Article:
Why I’ve become an intermittent fasting type
Charisse Kenion | Friday May 10th 2019
Full disclosure; I’m someone who has always had some kind of issue with food, or rather, the eating of it. I don’t mean an eating disorder; I just mean, I’ve never been someone who never thinks about food. First, I’m an emotional eater, and that isn’t limited to the less-than-happy emotions. I like food, I love to cook – I love to bake! But over the years, I’ve learned that my body can have a hard time digesting things. I’ve always felt that, rather than it being what I’m actually eating, it might be when I’m eating that’s the problem.
I used to be a diehard ‘breakfast is the most important meal of the day’ type, often eating breakfast within 45 minutes of waking up. And so would begin an entire day frequented by thoughts of what to eat next.
I used to think that people who didn’t eat breakfast were just weird, until I started reading about intermittent fasting. Weight-loss claims aside, what first attracted me to IF was the fact that, although it meant establishing some kind of parameters around when I ate (you give yourself an eight-hour window in which to eat), it also felt like things were a little more relaxed. I have this thing where I kind of hate numbers – on the scales, counting calories, etc – so IF started to feel like something I could try to aid my digestion, without feeling like I was a failure if I didn’t stick to it religiously.
For me, trying IF was about paying more attention to my body and how it works. It wasn’t about losing a ton of weight. Over the years I’ve struggled with IBS (Irritable Bowel Syndrome) although my symptoms all but disappeared after I broke up with an ex so, there’s that… Also, my skin is constantly going up and down with breakouts; once I even had a facial where the therapist, before applying anything to my skin, swiped one finger across my eyebrows and told me it was clear that my digestion was poor!
Before I explain my own approach to IF, here’s what James Clear, a firm believer in self experimentation and a known authority on changing eating habits, has to say about it:
“Here’s a simple definition of intermittent fasting: you eat your normal amount of food in a smaller time frame. It’s not a diet, it’s just a pattern of eating that reduces your eating window each day to about 8 hours. Intermittent fasting is just another tool in your toolbox. Just as eating a healthy diet of real, whole foods is another tool. And exercising regularly is another tool. And meditating or doing yoga to reduce stress is another tool. And sleeping at least 8 hours per night is another tool.”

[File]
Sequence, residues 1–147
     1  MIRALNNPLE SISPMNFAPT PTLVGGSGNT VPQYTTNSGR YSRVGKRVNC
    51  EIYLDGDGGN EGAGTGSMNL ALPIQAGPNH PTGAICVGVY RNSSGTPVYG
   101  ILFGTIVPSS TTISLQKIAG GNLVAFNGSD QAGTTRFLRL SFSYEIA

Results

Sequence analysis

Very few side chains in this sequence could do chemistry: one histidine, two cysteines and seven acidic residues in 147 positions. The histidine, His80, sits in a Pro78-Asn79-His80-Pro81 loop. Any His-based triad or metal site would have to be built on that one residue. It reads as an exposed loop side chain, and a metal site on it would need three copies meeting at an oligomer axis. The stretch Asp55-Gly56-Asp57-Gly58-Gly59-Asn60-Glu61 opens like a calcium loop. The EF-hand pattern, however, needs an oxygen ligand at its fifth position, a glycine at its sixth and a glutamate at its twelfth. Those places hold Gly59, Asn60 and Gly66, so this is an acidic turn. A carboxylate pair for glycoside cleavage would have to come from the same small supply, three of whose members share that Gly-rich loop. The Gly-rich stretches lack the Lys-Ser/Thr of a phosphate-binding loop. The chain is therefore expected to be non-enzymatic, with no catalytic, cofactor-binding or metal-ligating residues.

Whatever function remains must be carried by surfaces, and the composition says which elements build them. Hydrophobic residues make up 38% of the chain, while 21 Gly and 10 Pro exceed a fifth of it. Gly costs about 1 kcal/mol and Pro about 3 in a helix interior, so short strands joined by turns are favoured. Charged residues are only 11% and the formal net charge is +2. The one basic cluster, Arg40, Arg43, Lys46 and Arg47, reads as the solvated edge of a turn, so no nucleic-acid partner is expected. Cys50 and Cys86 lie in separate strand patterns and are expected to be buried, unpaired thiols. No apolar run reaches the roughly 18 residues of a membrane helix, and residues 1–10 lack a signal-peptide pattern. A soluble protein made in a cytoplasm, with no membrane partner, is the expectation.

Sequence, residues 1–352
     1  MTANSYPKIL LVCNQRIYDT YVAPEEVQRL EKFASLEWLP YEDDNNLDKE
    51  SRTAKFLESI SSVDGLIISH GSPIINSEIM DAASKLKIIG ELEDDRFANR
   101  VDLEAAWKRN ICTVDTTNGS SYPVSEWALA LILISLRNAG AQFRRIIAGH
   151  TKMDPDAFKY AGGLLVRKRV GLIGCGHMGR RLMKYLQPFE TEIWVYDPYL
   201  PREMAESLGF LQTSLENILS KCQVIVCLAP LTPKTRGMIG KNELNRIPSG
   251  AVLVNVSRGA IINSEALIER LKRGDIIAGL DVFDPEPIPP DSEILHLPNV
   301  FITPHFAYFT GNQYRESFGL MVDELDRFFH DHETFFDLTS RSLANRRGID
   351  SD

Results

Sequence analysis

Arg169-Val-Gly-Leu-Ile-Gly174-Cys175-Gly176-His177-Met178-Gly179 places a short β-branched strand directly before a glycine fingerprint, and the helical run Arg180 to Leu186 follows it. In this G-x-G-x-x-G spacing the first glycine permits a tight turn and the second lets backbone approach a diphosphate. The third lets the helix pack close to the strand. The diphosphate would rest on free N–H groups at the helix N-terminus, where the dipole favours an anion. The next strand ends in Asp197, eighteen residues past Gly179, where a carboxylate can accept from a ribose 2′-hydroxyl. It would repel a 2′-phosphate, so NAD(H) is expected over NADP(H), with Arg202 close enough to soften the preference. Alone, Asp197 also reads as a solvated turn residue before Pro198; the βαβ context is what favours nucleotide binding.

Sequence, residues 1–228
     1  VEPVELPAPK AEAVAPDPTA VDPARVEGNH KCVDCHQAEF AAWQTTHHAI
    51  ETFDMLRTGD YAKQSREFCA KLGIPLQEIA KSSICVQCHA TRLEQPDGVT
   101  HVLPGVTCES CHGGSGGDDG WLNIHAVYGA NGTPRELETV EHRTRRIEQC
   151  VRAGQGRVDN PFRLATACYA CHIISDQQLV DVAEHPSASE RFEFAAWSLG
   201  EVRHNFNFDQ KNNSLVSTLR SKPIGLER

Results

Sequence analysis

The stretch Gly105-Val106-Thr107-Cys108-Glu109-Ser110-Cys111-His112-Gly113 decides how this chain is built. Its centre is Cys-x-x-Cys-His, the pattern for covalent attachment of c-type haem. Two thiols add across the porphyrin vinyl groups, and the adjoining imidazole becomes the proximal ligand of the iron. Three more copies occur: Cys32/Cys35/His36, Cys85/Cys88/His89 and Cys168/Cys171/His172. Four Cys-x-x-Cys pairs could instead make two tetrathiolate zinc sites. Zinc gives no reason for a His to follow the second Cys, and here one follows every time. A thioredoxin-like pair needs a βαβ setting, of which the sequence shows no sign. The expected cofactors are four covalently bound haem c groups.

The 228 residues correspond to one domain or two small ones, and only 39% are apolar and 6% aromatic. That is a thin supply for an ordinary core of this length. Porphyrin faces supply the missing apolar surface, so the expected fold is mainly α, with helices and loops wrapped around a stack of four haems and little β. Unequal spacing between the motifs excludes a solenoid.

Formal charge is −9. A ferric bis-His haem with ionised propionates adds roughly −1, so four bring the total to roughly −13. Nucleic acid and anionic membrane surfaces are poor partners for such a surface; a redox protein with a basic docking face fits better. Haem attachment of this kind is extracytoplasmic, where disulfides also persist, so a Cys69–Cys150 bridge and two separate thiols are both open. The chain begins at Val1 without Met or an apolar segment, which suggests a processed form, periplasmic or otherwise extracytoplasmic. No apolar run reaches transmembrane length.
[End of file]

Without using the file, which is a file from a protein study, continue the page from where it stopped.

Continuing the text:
One of the key benefits Clear points out about IF, is that it greatly reduces ‘decision fatigue’, and I could not agree with this more. Instead of waking up in the morning adding what I’m going to eat to a long list of things that I need to think about, I no longer have to even think about food until 12pm. This means, if I’m up for a workout at 7am, I can be at my work desk at 9am and get a solid few hours of work in before I even think about putting something in my mouth.
Another point Clear makes, is that IF is perfect for frequent travelers. I’ve always complained about the lack of quality, tasty options at the airport, and even more so once I’m on a flight. I don’t know about you but plane food does something to my gut! I’m frequently bloated and uncomfortable if I eat anything supplied on a flight, no matter what class I’m flying in. Now I don’t even have to think about it. I’ll make the decision to fast throughout the flight, and eat on arrival. To read Clear’s in-depth article on IF, click here.
So, what does my own IF day look like?
I usually wake up around 7am and after a pint of water I’ll have a coffee with Coffeemate (not strictly sticking to the zero-calories thing, but I don’t add sugar so I allow myself this one ‘treat’). Then I don’t eat until 12pm, whether or not my morning has included a workout. Although I can give myself until 8pm, I go to bed pretty early most nights, so instead my cut-off is 7pm. If I’m eating out that night, I’ll just push my window to a later starting time, say 1pm, if I can. If I’m hungry, I just eat! I don’t follow this like a robot. If I fall out of the loop, I start over the next day. I just know that, when I do stick to it, there are several things that feel better:
I go to the bathroom regularly, like clockwork, every morning when I wake up.
My stomach is the flattest it’s been in a long time.
I don’t get IBS or bloating anymore – unless I’ve eaten late!
I get way more work done in the morning.
I feel slightly more organized. When I wasn’t doing IF, it was easy to pretty much eat all day. Wake up with breakfast, snack, have lunch, snack, have dinner, snack… It feels strange to just eat all day now, plus my stomach does not appreciate it anymore.
It’s easier to say ‘no’ when someone offers me something.
My own personal advice, if you want to try IF, don’t go all-in on the first day. Starting at 12pm was something I worked up to. I started by eating from 9am until 5pm, and staggered the hours until I got to 12pm. Remember, I am not qualified in any way, and, although I’ve heard some very interesting statistics on how IF can affect your cholesterol and hormone levels in a very positive way, as well as decrease body fat, I advise that, if you’re in anyway concerned about your health, and how IF might affect it, seek the advice of your doctor first.
For now, IF feels right for me, and apparently I’m not alone. At a recent breakfast event I went to, the PR team couldn’t understand why the plentiful spread of fruit, croissants and juices were going untouched – I’d bet money on the fact that all the other editors and writers are trying IF too.
Image courtesy of Chicago Health Magazine.